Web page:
Category: Hawaii

Reliving 30 Years Ago

Reliving and reprocessing scans from small prints made with a small sensor P&S film camera around 30 years ago in Hawaii.

Weird things I remember, like when Marcia and I were walking on a trail that had been closed to the public and we came across two young Russian girls walking with flip-flops that were not suitable for the terrain.  They spoke enough English to at least talk a little with us.

I wonder.  If I could go back with my E-M5 III camera, would I still process the images this way?

RePrinting old Prints

200707-083418-JEH20I was wondering about how those 27 year old Maui images might look if printed as toned monochrome prints.  I scanned the old 4×6 drugstore color prints and then processed some of them as toned monochrome images.  I then resized and sharpened them for printing as 5×7 prints. 

I had been looking for three suitable images to put in a frame to hang on my wall in front of my computer.  I have lots of color travel images on my walls, but no monochrome ones … until now.

While working on these images I remembered the last time I saw someone on one of our trips taking pictures with a 35mm Nikon interchangeable lens film camera.  It was in Hawaii on another trip.

Maui, HI in 1993

We went to Maui in 1993 and stayed at the Paki Maui, our first and only time to that island.  We both used small Olympus 35mm film cameras from which the pictures were developed and printed at a drugstore and all we have are the 4×6 prints which aren’t very sharp.  While Marcia was cleaning out the last of our older prints I decided to scan a few of the prints to see what I could recover as digital images.  We had a large number of prints but I only scanned some to get a flavor of the trip.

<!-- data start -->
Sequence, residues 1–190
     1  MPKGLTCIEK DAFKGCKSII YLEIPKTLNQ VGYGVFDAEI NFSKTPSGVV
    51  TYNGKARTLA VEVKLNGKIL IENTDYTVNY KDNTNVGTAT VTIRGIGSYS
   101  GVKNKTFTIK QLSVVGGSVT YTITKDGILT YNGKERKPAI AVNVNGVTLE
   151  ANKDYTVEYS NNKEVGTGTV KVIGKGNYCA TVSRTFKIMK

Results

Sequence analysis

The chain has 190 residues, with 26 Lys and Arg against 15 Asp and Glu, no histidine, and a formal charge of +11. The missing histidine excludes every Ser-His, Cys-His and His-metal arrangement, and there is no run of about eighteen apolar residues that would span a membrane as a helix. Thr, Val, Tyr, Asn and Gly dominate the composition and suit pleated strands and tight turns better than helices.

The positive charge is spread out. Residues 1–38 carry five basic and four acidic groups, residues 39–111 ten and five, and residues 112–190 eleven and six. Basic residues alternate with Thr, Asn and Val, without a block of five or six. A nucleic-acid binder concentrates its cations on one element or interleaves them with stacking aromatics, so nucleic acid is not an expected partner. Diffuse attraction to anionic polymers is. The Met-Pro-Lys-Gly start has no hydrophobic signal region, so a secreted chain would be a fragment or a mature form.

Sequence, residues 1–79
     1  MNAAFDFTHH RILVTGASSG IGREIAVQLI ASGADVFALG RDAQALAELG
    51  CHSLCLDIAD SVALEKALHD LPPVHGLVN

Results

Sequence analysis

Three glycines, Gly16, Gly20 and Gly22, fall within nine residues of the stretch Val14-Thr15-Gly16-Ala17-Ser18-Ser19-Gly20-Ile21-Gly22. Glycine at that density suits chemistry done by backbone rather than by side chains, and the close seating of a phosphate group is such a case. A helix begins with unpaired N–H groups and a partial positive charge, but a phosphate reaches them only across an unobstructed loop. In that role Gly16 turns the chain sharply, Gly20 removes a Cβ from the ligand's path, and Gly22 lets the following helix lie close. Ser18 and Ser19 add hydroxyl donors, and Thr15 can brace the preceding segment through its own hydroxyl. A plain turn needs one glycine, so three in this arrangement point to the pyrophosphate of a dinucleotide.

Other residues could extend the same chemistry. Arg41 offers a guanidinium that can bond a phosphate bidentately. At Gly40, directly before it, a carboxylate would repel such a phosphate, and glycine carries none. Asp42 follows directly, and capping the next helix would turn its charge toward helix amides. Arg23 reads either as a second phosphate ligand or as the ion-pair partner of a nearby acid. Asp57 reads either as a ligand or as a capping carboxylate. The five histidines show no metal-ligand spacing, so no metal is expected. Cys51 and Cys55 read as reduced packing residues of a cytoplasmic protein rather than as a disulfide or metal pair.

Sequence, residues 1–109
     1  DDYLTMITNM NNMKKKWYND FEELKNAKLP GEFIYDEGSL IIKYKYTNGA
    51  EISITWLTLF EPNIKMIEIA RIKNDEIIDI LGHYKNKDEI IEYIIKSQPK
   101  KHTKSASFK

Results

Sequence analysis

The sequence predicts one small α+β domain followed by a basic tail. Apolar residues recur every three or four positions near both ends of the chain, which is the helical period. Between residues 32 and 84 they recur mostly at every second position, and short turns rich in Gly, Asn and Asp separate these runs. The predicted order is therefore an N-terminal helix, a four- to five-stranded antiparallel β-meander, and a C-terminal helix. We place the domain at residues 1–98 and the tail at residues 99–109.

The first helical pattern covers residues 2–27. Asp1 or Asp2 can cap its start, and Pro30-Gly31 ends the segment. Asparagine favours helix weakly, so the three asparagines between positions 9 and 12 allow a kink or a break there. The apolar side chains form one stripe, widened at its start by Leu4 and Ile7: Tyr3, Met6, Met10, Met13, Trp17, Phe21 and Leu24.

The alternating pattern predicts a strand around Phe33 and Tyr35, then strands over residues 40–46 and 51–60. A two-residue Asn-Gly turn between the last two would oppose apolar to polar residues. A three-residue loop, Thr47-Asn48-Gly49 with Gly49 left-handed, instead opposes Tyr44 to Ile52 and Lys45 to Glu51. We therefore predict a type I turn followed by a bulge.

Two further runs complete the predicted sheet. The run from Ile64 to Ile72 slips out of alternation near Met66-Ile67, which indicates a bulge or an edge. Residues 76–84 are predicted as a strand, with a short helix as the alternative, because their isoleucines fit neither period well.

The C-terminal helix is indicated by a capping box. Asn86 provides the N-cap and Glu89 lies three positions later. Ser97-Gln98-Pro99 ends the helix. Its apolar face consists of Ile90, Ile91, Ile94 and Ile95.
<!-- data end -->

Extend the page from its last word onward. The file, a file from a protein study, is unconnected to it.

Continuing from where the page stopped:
Maui was mainly a crowded tourist destination and we don’t like crowds so we avoided most of the crowded tourist spots.  To do that, we rented a small 4WD vehicle and drove where we weren’t supposed to go by circling the island.  As you can see in the pictures we succeeded to avoid the crowded areas.

We also took a helicopter ride over and around parts of Moloka’i Island.  That is where we made the pictures of the waterfalls, etc.  We also drove up to the Haleakala Crater where at an elevation of over 10,000 feet it was windy and cold.  If you haven’t experienced it, open a can of coke and drink it at that elevation.  I know, the things I remember.  We also walked out of the tourist area into the Iao Valley where we crossed paths with a few girls from Russia hiking.

We did venture into Lahaina to dine and walk around once.  It was there that we first experienced eating in a building with windows with no glass or screens and competing with the birds flying around.